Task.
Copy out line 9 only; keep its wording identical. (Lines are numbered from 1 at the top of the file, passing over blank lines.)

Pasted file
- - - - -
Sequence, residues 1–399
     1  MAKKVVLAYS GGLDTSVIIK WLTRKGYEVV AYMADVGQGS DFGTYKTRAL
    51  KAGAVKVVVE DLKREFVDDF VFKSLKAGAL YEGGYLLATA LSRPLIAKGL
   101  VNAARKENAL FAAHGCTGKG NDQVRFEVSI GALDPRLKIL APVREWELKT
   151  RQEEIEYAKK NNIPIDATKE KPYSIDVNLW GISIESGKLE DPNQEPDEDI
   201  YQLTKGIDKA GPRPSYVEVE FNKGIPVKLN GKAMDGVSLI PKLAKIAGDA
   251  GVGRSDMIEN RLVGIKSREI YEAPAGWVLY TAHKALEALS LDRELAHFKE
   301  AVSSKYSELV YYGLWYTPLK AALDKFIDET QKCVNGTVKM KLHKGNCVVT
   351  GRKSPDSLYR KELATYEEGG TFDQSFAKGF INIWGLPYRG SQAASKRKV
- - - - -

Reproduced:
   351  GRKSPDSLYR KELATYEEGG TFDQSFAKGF INIWGLPYRG SQAASKRKV